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NEW YORK -- It has become clear that Mitt Romney does not want to release any additional tax returns.
But that's not the only tax issue the presumptive nominee has been reluctant to talk about. He has been equally quiet on a policy question that could have a direct impact on the amount of taxes paid by millions of Americans.
Romney has for months touted an ambitious plan that promises massive tax cuts. He has also steadfastly refused to say how he would pay for them.
Romney has proposed a 20% across-the-board cut to income tax rates. He also wants to scrap the Alternative Minimum Tax, eliminate the estate tax and chop the tax rate paid by corporations from 35% to 25%.
All those cuts mean the government would collect far less revenue. Romney claims his plan will make up the difference in-part by limiting deductions, exemptions and credits currently available to top-level income earners.
But he hasn't lifted the curtain on which deductions he is planning to curtail.
In April, reporters stationed outside a private fundraising event in Palm Beach, Fla. overheard the former Massachusetts governor rattle off a list of deductions that would likely be eliminated.
But a campaign official later said that the candidate was "tossing ideas out" and not "unveiling policy."
And just last month, when Romney was directly asked by CBS News to name the deductions, the candidate evaded the question, instead saying that "we'll go through that process with Congress."
The lack of detail extends even to tax breaks that Romney himself has taken advantage of -- to the tune of millions of dollars.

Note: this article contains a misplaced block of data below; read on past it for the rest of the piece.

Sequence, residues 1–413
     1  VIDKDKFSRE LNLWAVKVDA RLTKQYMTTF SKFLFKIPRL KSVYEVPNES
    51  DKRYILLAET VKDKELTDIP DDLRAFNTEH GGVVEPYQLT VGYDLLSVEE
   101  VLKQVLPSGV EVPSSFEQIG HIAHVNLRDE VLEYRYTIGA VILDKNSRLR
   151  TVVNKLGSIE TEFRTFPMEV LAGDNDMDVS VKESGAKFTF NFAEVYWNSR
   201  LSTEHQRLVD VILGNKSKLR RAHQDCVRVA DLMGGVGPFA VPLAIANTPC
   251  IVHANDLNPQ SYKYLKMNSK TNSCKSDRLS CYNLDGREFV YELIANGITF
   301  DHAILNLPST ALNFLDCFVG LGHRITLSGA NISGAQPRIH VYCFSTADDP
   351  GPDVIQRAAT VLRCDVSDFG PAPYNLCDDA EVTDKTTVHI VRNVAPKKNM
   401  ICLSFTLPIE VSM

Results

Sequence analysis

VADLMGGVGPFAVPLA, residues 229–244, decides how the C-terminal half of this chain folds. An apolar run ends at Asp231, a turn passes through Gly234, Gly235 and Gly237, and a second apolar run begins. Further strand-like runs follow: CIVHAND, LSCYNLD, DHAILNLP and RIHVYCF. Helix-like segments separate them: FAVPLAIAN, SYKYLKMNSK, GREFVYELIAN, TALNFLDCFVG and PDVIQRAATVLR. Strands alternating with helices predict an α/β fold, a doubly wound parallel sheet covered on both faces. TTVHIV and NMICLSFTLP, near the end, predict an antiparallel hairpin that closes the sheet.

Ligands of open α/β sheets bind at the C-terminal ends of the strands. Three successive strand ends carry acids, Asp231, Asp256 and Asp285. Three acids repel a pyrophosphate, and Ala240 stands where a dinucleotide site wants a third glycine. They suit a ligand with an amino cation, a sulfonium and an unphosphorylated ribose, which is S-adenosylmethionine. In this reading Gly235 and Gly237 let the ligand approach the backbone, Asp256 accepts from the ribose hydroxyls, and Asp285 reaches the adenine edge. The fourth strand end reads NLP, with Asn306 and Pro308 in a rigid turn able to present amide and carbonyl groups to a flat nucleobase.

Romney and his campaign have, for example, given a variety of answers on what the candidate plans to do about the tax treatment of carried interest, an obscure compensation method used primarily in high-stakes finance.
The tax break, which benefits private equity partners, continues to save the Republican presidential candidate millions of dollars in taxes after a pioneering career at Bain Capital.
Romney has, in the past, explicitly called for keeping the tax benefit in place. But this election cycle, even when asked directly, the candidate has not clearly articulated a position.
Campaign staffers have added to confusion over the candidate's position, occasionally suggesting that Romney would, once elected, consider rolling back the tax break. At other times, the campaign has walked those suggestions back.
When asked again for more details about his tax plan, a spokesperson for the Romney campaign said to CNNMoney that Romney "has proposed a comprehensive plan to repair the nation's tax code by bringing marginal rates down to stimulate entrepreneurship, job creation, and investment, while still raising the revenue needed to fund a smaller, smarter, simpler government."
The spokesperson added that Romney "looks forward to working with Congress" on tax reform. In other words, don't expect more details unless he actually wins the race for president.
From a political perspective, the lack of detail may be beneficial. After all, each deduction benefits a certain constituency. But the hazy policy prescription leaves the public in the dark -- and lets Romney skate on a devilishly difficult area of tax policy.
A recent report by the Tax Policy Center, an independent research group, showed just how difficult Romney's plan would be to implement, particularly if they are on top of other proposed tax cuts.
The Tax Policy Center estimates that if today's Bush-era income tax rates were made permanent, Romney's additional rate cuts would lead to a reduction of $320 billion in tax revenue in 2015.
One way to make up for that difference, the report said, would be to shave 72% off the value of all itemized deductions; above-the-line deductions (such as the one for alimony); a host of smaller tax credits; and benefits such as the health insurance tax break many workers get.
Lawmakers could decide to eliminate some benefits altogether and leave others untouched, or reduce them all but by different amounts. The analysis assumed no changes in taxpayer behavior.
"It won't be impossible to pay for substantial individual tax rate reductions by cutting tax expenditures," Howard Gleckman, the editor of TaxVox, wrote in a blog post. "But it will be very, very hard."